Our client was charged with a high tier OVI after she blow over 0.17 during a traffic stop; however, we reached an agreement for her to have the OVI dismissed, leaving only a non-moving citation. As a result, she was saved from points to her license, the impact to her auto insurance and mandatory jail time.
The employer terminated our client even though she had not received any prior discipline or notice that her job was in jeopardy. The Hearing Officer agreed with us that the employer had not shown that our client purposely broke any rules or policies, that she was insubordinate in any way, or that she was subject to discharge for any reason. As a result, our appeal was granted and our client was approved for benefits.
Our client was charged with a refusal second OVI in ten years, which would have carried with it a mandatory twenty days in jail. We pushed forward with evidence that she was not actually the operator of the motor vehicle and reached an agreement for her to have the OVI dismissed, receiving only a non-moving citation instead.
Our client's wife notified the employer that her husband would not be able to work due to a medical reasons. The employer responded by terminating our client claiming he no-call/no-showed. The Hearing Officer agreed that the absence was beyond our client's control and the employer received adequate notice due to the circumstances. Our client's unemployment compensation claim was approved and he was granted back-pay.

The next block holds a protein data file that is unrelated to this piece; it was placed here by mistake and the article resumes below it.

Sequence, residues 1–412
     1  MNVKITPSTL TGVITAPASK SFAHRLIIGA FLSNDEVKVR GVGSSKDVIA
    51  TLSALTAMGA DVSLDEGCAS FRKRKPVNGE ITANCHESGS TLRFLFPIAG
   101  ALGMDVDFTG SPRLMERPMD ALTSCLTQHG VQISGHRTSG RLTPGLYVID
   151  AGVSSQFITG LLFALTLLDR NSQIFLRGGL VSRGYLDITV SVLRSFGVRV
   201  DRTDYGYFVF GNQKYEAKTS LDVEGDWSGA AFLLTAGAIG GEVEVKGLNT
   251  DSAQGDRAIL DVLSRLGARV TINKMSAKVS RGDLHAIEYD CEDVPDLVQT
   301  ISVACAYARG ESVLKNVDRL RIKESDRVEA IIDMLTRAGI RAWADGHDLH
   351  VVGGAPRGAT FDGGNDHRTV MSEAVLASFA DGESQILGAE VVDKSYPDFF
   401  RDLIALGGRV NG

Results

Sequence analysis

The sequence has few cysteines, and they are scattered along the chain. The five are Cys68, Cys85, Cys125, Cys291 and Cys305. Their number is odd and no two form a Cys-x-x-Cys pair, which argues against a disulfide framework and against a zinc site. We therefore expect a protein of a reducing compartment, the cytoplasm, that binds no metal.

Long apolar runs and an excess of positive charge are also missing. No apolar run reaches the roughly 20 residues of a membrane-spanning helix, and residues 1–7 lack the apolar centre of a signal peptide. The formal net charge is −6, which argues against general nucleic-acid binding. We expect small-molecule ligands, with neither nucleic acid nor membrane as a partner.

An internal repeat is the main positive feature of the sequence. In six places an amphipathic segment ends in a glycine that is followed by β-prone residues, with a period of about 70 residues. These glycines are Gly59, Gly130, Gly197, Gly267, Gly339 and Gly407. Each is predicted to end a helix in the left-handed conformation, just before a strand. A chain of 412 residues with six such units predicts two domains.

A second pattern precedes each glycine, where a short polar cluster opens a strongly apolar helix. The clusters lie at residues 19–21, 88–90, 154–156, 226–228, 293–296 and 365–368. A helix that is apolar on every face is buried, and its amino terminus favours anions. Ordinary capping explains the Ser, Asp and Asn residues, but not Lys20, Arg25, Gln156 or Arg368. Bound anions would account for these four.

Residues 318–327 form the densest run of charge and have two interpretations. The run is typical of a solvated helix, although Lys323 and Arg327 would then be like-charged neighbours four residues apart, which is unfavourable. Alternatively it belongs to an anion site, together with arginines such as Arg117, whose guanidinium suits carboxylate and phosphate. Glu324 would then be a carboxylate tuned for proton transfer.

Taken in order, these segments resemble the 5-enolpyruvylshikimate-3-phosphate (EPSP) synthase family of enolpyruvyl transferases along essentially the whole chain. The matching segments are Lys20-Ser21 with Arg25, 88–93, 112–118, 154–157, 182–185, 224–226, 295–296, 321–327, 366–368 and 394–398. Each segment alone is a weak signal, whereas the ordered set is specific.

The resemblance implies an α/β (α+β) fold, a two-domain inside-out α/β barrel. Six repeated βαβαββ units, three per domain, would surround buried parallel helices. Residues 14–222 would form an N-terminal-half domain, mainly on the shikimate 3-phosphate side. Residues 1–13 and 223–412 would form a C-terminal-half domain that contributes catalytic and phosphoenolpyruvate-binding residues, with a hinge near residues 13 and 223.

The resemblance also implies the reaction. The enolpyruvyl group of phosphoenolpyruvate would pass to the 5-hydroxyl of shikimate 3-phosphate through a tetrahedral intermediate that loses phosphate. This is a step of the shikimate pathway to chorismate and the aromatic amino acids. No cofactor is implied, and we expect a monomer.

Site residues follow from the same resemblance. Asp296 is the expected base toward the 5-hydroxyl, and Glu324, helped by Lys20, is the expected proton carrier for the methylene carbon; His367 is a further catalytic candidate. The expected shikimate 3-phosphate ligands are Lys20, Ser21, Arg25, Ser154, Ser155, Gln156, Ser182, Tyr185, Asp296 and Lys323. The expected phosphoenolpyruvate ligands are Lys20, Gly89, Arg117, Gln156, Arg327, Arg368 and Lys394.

Our client was charged with an OVI after allegedly rolling through a stop sign and marked lanes violations. We obtained an agreement for her to have the OVI dismissed with just a traffic citation instead. She was happy to have been saved from a non-expungable OVI on her record, high points to her license, and other implications of an OVI.
Our client was charged with an OVI after a pedestrian accident that resulted in no injuries, even though our client took a breath test that showed he was under the limit for alcohol. The State then claimed that he was impaired due to prescription medications. After raising arguments through pre-trials and motions regarding the State's need to show a nexus between the prescriptions and any impairment, we were able to get the OVI dismissed and the license suspension terminated.